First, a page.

16th December 2017
Since the collapse of the Soviet Union, hundreds of local, regional and national pilgrim routes and shrines have been created, restored and rebuilt. This process of revival braids the traditional and the contemporary, brings together seekers, neophytes and those who maintained the faith in the ‘godless’ Soviet era. Hundreds of thousands of people from all walks of life participate in these pilgrimages. What motivates and drives them to take part, and how do they experience the divine in a landscape which was desecrated and is being gradually reclaimed by the Church?
With these questions in mind, British photographer Sandra Reddin has travelled from the the White Sea to the heartlands of the Golden Ring, from east of the Urals to the Estonian borderlands, visiting shrines and joining processions. She walked together with Dr Stella Rock, who has been researching the revival of pilgrimage in Russia for over seven years. The thousands of pictures that have resulted from this collaboration document the diversity and humanity of contemporary Orthodox pilgrimage. Her pictures invite the viewer to look twice, and to explore Russian Orthodoxy as it is lived, rather than as it is written.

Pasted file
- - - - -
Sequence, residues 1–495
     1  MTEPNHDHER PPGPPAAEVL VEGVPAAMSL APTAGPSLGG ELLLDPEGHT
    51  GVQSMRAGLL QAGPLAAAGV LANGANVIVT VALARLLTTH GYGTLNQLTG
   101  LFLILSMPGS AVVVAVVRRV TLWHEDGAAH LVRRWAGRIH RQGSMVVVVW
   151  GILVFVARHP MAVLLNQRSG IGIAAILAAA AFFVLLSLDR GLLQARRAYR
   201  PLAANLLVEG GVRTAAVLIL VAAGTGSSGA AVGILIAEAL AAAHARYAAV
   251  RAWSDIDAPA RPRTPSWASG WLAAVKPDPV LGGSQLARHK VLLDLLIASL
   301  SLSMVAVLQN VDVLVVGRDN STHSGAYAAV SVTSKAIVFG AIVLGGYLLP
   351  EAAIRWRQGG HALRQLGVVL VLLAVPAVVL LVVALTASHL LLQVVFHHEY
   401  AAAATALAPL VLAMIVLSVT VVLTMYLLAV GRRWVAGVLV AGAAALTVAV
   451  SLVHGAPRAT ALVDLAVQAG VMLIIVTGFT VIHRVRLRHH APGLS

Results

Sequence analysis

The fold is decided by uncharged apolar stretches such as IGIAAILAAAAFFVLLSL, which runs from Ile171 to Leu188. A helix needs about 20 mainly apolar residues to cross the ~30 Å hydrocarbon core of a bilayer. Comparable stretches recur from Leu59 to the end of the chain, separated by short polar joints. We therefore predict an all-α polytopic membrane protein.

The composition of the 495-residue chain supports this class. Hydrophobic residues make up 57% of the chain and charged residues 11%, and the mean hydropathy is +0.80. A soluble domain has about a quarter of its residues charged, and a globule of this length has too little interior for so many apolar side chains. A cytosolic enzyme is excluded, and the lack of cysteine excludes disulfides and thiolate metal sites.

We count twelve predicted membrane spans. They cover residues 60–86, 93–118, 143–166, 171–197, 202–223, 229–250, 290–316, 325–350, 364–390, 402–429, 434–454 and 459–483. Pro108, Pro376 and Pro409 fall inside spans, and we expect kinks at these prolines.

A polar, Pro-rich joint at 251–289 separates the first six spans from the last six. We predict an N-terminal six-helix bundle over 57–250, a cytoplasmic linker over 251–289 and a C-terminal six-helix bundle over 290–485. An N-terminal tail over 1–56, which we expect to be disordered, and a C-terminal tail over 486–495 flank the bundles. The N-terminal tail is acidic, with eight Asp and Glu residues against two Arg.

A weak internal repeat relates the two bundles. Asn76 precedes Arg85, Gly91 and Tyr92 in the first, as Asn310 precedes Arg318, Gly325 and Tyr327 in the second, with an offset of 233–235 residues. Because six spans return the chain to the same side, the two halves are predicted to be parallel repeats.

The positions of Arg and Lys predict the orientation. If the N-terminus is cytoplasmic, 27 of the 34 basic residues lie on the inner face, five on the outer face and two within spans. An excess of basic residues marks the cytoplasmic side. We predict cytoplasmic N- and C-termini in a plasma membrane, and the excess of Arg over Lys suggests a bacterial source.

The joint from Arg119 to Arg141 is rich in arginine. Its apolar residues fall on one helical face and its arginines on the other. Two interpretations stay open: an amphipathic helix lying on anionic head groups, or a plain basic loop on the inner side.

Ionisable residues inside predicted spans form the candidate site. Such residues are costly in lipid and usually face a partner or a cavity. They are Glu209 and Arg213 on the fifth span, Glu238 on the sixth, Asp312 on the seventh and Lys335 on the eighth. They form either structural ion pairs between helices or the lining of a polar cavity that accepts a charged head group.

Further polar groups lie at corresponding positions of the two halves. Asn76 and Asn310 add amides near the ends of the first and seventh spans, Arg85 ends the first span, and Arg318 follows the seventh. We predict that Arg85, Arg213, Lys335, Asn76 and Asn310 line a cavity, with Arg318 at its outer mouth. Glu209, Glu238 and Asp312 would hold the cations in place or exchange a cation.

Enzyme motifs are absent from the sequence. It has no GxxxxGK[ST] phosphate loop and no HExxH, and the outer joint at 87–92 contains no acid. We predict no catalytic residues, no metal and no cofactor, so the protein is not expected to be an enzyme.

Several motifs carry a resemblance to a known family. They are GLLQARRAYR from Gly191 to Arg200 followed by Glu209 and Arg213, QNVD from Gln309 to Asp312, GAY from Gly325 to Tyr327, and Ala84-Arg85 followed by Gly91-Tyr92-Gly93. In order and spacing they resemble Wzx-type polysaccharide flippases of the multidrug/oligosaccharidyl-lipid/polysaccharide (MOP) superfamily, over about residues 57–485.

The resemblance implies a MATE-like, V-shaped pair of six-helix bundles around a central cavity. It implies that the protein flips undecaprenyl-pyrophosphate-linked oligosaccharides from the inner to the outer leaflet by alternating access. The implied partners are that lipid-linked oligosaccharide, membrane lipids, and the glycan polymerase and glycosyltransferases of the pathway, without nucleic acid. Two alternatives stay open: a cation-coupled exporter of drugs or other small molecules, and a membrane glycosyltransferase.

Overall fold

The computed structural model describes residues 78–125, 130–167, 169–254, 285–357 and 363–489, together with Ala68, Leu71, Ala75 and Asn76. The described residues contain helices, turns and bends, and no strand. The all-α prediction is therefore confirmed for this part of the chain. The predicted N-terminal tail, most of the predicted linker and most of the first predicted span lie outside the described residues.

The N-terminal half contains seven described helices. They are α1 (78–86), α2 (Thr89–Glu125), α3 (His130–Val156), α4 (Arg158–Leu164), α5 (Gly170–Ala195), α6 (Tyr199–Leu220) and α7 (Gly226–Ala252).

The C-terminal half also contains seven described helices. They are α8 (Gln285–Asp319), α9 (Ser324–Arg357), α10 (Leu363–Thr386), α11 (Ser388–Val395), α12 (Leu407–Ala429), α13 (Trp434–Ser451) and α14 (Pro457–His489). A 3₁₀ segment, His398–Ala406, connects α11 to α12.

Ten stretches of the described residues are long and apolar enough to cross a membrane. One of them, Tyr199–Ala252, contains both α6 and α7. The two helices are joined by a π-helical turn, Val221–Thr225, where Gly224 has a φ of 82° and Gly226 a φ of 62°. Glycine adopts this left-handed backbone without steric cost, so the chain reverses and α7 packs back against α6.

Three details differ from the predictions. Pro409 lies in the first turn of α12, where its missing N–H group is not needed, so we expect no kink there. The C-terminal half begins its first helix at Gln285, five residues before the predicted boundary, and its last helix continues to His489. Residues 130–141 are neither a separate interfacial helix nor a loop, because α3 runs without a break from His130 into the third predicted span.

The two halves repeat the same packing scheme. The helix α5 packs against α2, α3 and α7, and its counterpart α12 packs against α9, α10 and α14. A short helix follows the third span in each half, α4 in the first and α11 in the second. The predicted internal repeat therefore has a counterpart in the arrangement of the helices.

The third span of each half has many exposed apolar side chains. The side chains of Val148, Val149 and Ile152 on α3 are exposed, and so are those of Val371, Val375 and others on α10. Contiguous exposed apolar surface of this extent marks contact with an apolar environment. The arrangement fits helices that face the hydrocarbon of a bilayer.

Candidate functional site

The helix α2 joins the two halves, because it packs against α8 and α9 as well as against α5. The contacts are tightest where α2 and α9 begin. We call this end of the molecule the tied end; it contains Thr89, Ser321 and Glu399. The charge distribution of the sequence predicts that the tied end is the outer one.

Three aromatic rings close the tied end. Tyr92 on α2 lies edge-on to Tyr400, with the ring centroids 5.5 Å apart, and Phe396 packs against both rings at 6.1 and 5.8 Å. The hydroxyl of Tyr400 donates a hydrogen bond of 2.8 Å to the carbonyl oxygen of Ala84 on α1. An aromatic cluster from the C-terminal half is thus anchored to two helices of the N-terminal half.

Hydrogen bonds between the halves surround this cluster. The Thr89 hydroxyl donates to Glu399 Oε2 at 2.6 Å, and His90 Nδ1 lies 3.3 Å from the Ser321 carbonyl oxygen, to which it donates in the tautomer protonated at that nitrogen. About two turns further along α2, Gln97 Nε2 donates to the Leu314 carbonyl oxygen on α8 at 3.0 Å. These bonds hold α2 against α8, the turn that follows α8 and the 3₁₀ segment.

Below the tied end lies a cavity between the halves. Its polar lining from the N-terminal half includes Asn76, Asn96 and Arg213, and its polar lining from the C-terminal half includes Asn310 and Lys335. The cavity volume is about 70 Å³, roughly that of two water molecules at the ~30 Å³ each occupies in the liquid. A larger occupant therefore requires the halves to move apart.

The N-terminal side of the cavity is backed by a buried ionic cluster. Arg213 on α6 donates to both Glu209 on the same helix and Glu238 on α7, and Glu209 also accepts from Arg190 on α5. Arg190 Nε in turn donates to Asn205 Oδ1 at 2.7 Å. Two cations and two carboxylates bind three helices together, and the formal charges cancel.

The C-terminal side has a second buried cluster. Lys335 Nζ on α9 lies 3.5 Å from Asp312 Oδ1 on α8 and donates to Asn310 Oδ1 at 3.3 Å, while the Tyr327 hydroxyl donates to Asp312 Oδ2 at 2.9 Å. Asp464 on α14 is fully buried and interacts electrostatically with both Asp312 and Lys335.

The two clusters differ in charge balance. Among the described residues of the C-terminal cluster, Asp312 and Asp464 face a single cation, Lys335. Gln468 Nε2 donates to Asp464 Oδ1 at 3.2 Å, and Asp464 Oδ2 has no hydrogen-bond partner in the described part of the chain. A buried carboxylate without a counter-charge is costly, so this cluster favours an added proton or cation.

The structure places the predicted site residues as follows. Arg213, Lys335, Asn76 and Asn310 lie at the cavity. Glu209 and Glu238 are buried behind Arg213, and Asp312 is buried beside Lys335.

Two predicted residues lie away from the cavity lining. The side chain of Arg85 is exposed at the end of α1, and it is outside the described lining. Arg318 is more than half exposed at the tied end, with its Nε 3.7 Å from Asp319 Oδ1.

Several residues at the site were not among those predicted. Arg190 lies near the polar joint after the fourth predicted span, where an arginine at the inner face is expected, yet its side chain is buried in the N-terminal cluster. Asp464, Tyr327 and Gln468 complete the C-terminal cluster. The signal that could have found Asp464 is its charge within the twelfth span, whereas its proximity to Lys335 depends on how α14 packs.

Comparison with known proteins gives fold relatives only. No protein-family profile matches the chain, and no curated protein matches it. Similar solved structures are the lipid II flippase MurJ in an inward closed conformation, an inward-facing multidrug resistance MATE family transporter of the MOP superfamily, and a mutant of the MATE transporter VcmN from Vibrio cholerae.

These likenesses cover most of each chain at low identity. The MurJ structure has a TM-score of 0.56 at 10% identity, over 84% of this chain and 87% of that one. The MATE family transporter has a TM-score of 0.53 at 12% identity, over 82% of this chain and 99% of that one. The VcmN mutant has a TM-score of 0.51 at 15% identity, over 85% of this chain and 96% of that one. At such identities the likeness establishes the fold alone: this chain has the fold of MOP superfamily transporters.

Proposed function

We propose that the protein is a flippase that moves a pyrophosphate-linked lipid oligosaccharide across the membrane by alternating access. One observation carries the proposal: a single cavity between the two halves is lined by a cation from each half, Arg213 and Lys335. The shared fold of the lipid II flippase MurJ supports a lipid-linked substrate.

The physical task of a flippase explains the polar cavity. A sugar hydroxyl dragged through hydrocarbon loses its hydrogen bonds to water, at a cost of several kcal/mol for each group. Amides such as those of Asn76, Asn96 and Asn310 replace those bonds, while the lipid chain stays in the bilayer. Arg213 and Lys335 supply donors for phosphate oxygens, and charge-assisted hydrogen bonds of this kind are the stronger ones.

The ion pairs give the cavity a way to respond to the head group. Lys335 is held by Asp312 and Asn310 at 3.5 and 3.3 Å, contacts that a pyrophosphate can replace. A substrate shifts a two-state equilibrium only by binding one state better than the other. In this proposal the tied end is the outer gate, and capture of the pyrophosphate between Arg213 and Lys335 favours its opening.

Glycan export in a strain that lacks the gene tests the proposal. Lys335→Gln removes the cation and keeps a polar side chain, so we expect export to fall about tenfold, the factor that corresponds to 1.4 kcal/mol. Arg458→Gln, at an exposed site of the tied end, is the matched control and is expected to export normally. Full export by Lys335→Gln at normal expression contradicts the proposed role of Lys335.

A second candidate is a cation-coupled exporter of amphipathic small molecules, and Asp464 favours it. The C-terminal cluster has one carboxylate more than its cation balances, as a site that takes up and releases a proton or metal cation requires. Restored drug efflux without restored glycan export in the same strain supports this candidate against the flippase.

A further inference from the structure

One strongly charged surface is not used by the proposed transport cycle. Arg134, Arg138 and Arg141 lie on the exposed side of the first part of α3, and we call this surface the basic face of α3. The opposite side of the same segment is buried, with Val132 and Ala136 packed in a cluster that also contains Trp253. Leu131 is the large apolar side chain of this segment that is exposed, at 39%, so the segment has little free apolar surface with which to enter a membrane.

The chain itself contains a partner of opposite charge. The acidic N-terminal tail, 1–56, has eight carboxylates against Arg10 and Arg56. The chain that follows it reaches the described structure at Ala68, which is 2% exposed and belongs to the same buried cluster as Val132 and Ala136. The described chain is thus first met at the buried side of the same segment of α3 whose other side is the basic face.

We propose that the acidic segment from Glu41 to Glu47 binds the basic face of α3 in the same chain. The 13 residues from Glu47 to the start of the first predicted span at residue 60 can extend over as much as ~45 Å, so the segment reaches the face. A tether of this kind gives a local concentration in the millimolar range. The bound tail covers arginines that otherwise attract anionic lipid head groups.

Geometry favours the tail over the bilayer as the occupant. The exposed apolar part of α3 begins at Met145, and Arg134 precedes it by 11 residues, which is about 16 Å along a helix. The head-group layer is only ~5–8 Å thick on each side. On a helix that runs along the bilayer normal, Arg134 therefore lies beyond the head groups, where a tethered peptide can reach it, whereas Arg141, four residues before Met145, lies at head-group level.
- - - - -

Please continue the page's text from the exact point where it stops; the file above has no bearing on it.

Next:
In collaboration with the Lloyd Hotel & Cultural Embassy, Amsterdam, INaSEC presents a double exhibition of Sandra Reddin's work and the Serbian icon painter and theologian Borislav Prodanovic .http://quietlighticons.blogspot.co.uk/ The photographs and icons offer two distinct perspectives on the post-Soviet processes of religious revival and renewal.
Sandra Reddin's exhibition images are available for purchase as limited edition prints with a signed certificate by the photographer. Prints can be shipped worldwide. To purchase click here: https://art.tt/3c7b